Peace and Democracy Party

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Peace and Democracy Party
Leader Pervin Buldan
İdris Baluken (co-chair)
Founded 3 May 2008
Dissolved June 2014[1]
Preceded by Democratic Society Party
Headquarters Barış Manço Cad. 32. Sk. No:37, Balgat – Ankara, Turkey
Ideology Kurdish minority rights[2]
Emancipation of women[2]
Kurdish nationalism[3]
Social democracy
Political position Centre-left to Left
International affiliation Socialist International (consultative member)
European affiliation Party of European Socialists (observer member)
Website (Turkish)
Politics of Turkey
Political parties

The Peace and Democracy Party (Turkish: Barış ve Demokrasi Partisi, Kurdish: Partiya Aştî û Demokrasiyê, BDP) is a Kurdish political party in the Republic of Turkey. Party dissolved itself in June 2014.[4]


BDP succeeded the Democratic Society Party (DTP) in 2008, following the closure of the latter party for its alleged connections with the Kurdistan Workers' Party (PKK). The BDP is co-chaired by Selahattin Demirtaş and Gültan Kışanak. One-third of its representatives are Alevi.[5]

The Deputy Chairs are Pervin Buldan and İdris Baluken. [6]

After municipal elections on March 30, 2014, Berivan Elif Kilic became the co-mayor of Kocakoy, a farming town of 17,000 people in Turkey’s Kurdish region. Kilic shares the post of mayor with her male running mate, Affullah Kar, a former imam. Under BDP party rules, all top positions are split between a man and a woman, in an effort to promote women’s participation in politics.[7]


The party chairman has called for the PKK to disarm.[8] The BDP has observer status in the Socialist International.[9] BDP supports Turkey's membership in the European Union,[10] same-sex marriages in Turkey,[11] an anti-discrimination law to protect LGBT people[10] and also wants the Government of Turkey to recognize the Armenian Genocide.[12]

Peoples' Democratic Party[edit]

The party acts as the fraternal party to the pro-minority rights and feminist Peoples' Democratic Party (HDP). At the 2014 municipal elections, HDP ran parallel to BDP, with the BDP running in Turkey's Kurdish-dominated southeast while the HDP competed in the rest of the country[13] except Mersin Province and Konya Province where BDP launched its own candidates.[14]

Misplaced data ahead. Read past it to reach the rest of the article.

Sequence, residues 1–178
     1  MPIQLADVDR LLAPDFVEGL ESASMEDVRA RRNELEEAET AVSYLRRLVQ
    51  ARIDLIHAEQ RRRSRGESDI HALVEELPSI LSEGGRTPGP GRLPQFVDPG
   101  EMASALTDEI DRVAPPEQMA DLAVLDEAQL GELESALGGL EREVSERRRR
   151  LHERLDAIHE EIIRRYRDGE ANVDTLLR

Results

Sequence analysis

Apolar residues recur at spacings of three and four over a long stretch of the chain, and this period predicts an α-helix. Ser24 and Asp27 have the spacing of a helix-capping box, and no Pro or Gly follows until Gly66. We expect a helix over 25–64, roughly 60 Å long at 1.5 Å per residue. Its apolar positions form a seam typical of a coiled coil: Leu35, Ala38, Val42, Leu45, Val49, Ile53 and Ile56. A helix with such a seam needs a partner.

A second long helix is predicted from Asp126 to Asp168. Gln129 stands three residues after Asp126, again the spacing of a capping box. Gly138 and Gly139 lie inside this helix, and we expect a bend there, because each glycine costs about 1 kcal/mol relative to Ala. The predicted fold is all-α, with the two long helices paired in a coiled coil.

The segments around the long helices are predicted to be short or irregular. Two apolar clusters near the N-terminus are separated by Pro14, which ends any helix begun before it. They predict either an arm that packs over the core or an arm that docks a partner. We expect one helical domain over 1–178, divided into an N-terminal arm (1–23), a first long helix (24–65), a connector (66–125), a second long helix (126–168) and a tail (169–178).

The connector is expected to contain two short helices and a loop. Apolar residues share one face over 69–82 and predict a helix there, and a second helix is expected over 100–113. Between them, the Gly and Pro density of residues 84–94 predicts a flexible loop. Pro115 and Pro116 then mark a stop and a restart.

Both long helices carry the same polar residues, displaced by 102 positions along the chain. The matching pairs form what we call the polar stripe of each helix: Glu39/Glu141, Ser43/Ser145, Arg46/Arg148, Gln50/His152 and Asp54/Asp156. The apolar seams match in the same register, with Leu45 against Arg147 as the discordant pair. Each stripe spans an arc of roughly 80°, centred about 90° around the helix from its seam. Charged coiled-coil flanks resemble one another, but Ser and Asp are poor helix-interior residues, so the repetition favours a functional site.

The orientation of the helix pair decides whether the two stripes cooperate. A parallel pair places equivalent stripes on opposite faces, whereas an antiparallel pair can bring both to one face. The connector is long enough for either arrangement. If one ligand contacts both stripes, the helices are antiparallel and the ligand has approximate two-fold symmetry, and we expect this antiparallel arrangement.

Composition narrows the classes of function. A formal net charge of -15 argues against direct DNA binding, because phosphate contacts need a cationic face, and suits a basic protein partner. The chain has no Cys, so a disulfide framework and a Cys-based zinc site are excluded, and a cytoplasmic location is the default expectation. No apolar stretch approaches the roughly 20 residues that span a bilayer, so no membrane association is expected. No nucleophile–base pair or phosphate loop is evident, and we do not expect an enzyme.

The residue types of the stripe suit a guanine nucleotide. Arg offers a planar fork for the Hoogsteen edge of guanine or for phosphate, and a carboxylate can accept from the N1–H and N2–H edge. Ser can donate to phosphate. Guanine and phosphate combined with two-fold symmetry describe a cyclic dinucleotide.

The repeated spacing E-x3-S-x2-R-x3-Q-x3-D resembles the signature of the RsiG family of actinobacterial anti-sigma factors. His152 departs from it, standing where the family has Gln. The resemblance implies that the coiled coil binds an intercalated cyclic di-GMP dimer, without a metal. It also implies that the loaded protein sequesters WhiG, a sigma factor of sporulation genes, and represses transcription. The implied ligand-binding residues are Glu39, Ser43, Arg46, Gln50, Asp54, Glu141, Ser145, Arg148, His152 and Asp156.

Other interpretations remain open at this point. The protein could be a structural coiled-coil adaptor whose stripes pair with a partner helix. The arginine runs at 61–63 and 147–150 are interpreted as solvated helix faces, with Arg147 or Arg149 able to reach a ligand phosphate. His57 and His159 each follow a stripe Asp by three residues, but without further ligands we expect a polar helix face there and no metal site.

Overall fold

After the local elections, the two parties were re-organised in a joint structure. On 28 April 2014, the entire parliamentary caucus of BDP joined HDP, whereas BDP was assigned exclusively to representatives on the local administration level.[15][16]


  1. ^
  2. ^ a b "Our Office". Peace and Democracy Party – US Representative Office. Retrieved 23 February 2014. 
  3. ^ The Peace and Democracy Party (BDP) is the current incarnation of the Kurdish nationalist party in Turkey, Andrew Finkel, Turkey: What Everyone Needs to Know, Oxford University Press, 2012, s. 122.
  4. ^
  5. ^ Alevi Kurds' problem,
  6. ^ "Pro-Kurdish deputies pay 12th visit to jailed PKK leader". Sunday's Zaman. 2013-11-09. Retrieved 2013-11-25. 
  7. ^ From Child Bride to Mayor
  8. ^ BDP chairman calls on PKK to lay down arms
  9. ^ "Member Parties of the Socialist International". Socialist International. 
  10. ^ a b "About Peace and Democracy Party". BDP. BDP. Retrieved 10 August 2013. 
  11. ^ "BDP'nin eşcinsel evlilik isteği tartışılıyor". Haber 10 (in Turkish). 15 May 2013. Retrieved 10 August 2013. 
  12. ^ "BDP urges Turkey to offer apology to Armenians". Hurriyet Daily News. 14 April 2013. Retrieved 10 August 2013. 
  13. ^ Cengiz, Orhan Kemal; Sibel Utku Bila (translator) (31 October 2013). "New Kurdish Party Could Impact Local Turkish Elections". Al-Monitor. Retrieved 24 February 2014. 
  14. ^ ADAYLARIMIZ, BDP official website
  15. ^ "BDP milletvekilleri HDP'ye katıldı". Al-Monitor. 28 April 2014. Retrieved 24 February 2014. 
  16. ^ BDP artık Meclis'te yok

External links[edit]